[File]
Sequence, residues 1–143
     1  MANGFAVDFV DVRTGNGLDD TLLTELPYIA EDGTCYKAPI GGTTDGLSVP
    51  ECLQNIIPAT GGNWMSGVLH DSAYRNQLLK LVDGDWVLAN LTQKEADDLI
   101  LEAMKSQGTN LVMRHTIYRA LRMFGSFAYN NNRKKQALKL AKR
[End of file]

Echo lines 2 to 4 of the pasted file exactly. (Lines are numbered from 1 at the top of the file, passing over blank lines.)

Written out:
     1  MANGFAVDFV DVRTGNGLDD TLLTELPYIA EDGTCYKAPI GGTTDGLSVP
    51  ECLQNIIPAT GGNWMSGVLH DSAYRNQLLK LVDGDWVLAN LTQKEADDLI
   101  LEAMKSQGTN LVMRHTIYRA LRMFGSFAYN NNRKKQALKL AKR